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Waukegan Legal Blog

What does the new Michigan marijuana law mean for Illinois residents?

Last November, Michigan residents voted to legalize marijuana for recreational use. Legalization is becoming more common in states across the country, but the new laws also create complications.

The fact is, marijuana is still illegal according to federal law. Additionally, even states that allow possession and sale of marijuana do so with restrictions. If you live in Illinois, you may see the change in Michigan and consider a road trip and purchase or consume marijuana legally. This, however, could put you in legal jeopardy.

How does the Illinois traffic violation points system work?

One of the How Does the Illinois Traffic Violation Points System work?biggest mistakes drivers make is underestimating the damage of minor traffic infractions. Due to the laws in Illinois, seemingly small violations can add up and lead to license suspension or revocation.

The office of the Secretary of State tracks driving convictions and assigns point totals based on the severity of the infraction. Accumulating too many points in a 12-month period could mean the end of your driving privileges.

Worried about losing your license for a first-time DUI? Here's what you should know.

If you are facing a DUI, one of your primary concerns is whether you will lose your license. You depend on your license to get around, make money, and see friends and family. Losing your license can affect not just you, but your finances and your family.

Your concern is valid. Under Illinois law of Implied Consent, if law enforcement stops you and your blood alcohol content (BAC) tests above the legal limit of .08 percent, or if you refuse to take a BAC test, you will receive an administrative license suspension, also called statutory summary suspension. This administrative suspension is different than a revocation. How? The administrative suspension is based entirely on whether you comply with and pass or fail a chemical sobriety test. In other words, you could face an administrative license suspension even if you are ultimately not convicted of DUI. A DUI conviction mandates a revocation (an indefinite suspension) for a minimum of one year.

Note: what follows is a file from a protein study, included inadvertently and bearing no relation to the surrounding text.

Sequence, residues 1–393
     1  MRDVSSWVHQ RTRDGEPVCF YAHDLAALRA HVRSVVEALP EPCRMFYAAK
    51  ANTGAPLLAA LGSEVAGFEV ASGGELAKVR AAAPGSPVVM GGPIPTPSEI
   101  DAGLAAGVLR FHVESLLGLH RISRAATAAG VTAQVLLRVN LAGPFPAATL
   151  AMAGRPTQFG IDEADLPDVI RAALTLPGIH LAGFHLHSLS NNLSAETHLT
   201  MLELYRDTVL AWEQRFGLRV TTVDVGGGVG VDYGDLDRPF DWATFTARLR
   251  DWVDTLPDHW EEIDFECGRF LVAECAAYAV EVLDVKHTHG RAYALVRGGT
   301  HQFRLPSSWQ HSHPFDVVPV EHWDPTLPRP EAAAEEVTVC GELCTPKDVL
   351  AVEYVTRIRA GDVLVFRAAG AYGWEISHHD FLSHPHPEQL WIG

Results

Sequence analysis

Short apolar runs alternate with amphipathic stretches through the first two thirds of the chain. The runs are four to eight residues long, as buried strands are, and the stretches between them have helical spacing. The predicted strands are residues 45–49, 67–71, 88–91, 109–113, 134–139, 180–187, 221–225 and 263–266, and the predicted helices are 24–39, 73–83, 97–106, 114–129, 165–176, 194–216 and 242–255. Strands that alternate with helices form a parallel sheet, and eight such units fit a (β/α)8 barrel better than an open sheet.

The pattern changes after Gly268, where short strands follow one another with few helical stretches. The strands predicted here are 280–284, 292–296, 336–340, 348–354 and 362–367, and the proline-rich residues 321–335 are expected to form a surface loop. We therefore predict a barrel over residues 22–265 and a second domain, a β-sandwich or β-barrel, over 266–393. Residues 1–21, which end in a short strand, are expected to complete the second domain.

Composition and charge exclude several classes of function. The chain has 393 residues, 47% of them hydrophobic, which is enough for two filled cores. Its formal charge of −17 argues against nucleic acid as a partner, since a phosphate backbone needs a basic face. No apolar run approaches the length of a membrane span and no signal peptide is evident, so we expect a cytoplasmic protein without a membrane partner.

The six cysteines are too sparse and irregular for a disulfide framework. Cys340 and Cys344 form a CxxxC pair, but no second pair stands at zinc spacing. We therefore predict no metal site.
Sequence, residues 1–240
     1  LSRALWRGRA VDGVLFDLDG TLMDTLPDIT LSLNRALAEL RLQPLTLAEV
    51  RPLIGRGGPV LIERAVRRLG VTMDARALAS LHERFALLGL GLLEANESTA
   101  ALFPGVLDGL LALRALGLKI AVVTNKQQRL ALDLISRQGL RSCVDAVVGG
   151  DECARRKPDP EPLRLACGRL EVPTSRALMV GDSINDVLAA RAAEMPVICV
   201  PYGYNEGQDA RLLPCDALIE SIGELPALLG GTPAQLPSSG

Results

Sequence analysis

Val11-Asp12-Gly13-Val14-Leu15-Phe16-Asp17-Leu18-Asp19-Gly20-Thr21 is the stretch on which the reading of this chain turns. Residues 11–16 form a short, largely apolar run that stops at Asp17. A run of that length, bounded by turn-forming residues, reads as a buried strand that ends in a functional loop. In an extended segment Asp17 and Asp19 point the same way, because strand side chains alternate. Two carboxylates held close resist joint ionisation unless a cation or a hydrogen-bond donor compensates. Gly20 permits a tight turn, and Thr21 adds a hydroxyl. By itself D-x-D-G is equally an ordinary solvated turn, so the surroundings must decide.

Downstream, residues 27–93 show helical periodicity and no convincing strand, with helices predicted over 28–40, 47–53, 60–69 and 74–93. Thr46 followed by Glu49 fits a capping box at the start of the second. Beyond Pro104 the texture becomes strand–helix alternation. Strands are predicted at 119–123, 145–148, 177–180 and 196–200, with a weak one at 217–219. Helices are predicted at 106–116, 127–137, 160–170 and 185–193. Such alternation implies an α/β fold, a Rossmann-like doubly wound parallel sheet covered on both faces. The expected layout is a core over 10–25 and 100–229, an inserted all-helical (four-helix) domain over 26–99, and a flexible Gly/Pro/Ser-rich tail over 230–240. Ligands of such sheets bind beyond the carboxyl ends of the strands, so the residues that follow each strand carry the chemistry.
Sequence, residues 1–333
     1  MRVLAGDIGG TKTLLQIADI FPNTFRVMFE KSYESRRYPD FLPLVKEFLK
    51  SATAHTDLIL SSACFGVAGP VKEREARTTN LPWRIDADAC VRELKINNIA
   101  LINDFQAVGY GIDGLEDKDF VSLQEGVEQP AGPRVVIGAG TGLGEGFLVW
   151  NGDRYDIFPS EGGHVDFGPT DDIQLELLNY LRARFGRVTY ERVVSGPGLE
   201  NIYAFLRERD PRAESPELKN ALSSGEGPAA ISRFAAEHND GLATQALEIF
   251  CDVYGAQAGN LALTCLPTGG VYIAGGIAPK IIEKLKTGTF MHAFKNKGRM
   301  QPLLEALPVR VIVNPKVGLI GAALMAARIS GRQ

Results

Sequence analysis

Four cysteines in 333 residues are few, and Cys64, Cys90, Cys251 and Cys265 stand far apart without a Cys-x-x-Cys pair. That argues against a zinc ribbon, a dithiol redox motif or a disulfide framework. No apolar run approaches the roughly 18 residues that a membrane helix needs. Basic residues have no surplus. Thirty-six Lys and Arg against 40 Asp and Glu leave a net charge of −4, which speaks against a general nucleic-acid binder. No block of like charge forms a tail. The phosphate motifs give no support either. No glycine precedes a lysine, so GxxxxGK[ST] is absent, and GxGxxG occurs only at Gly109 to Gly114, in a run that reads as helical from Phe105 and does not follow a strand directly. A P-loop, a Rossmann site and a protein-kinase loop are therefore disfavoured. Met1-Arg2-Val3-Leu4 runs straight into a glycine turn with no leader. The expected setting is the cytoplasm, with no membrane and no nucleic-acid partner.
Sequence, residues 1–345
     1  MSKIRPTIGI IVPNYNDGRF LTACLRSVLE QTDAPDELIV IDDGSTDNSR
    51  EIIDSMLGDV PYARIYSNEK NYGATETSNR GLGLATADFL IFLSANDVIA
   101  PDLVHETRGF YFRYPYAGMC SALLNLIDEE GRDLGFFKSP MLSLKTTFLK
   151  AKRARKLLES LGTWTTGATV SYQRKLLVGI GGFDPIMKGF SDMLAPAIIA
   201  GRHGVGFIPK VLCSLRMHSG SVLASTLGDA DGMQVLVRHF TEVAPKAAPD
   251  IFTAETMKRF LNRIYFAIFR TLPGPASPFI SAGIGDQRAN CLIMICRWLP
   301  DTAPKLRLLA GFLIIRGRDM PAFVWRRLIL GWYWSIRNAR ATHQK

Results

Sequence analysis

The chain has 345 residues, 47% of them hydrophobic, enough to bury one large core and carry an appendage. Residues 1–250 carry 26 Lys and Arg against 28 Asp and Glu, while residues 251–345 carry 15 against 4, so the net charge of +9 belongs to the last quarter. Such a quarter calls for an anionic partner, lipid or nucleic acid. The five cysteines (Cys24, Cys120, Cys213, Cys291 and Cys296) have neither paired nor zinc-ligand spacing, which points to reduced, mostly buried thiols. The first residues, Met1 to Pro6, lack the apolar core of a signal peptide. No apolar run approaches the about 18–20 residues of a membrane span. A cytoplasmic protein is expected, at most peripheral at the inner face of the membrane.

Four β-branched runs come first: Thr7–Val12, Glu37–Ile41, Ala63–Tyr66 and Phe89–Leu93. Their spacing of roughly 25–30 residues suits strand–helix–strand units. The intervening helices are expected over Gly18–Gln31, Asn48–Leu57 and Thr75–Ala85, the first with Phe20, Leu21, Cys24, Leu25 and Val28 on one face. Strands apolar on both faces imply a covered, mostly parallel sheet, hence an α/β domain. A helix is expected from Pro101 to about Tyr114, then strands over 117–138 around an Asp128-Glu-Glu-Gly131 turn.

How a DUI charge can ruin a college student’s future

Young adults going to college are entering a stressful and exhilarating portion of their lives. While they face a lot of anxiety keeping up with their difficult classes and planning for their future, they also have a lot more freedom than before. Many look forward to the college traditions associated with alcohol once they turn 21 in their university to have some fun before they go and get jobs after graduation.

Unfortunately, all of those future plans can come to a grinding halt with one simple DUI charge. If you are a college student, there are several consequences a DUI can bring on your life during and after college. It is critical to be aware of these ramifications so you can be cautious with your future actions.

For Commercial Drivers, Traffic Tickets Can Be A Job Killer

For most drivers, a traffic ticket is a costly inconvenience. For professional driver, a ticket can be much worse. It can be a job killer.

Truck drivers and other people who need to drive for their job need to be especially careful when they are on the road, whether they are driving their commercial vehicle or the family car. If you get too many points, your CDL may be suspended or revoked. Before that happens, you may lose your job because your employer's insurance company will no longer cover you.

Some traffic tickets more serious than others

While all traffic offenses are serious and can result in higher insurance rates and other issues, some are misdemeanors that can result in jail time.

Illinois traffic courts handle misdemeanor traffic offenses differently from violations that are punishable by fine only. You will be required to appear in court if the ticket is a misdemeanor. Here are examples of the most common misdemeanor traffic tickets in Illinois:

When a traffic ticket is more than a ticket

Some traffic tickets can affect much more than just your insurance rates. One example is reckless driving, which is a Class A criminal misdemeanor in Illinois (the legal equivalent of a DUI and speeding more than 35 mph over the posted limit).

A misdemeanor is a criminal offense that would result in a permanent criminal record if you are convicted.  It could affect your employment and areas of your life.

What happens if you don’t pay a traffic ticket?

If you ignore a traffic ticket will it go away?

Unfortunately not. Sooner or later, traffic tickets come home to roost – even if you live in another state or city from where you were ticketed.  The consequences of not paying a ticket can range from an additional fine, to suspension of your driver’s license, to a warrant for your arrest.

Why you should avoid a first DUI conviction

Penalties for a first DUI conviction in the state of Illinois are harsh. But second convictions? They’re even harsher. This is one of the reasons why you should avoid a first conviction.

While you may assume that you’ll never get a second conviction after experiencing a DUI arrest, it’s important to remember that you’ll be treading on very thin ice.  Nobody plans to be arrested a second time, but it can happen. And the penalties for a second DUI are so harsh in Illinois, you won’t be able to drive for five years if convicted.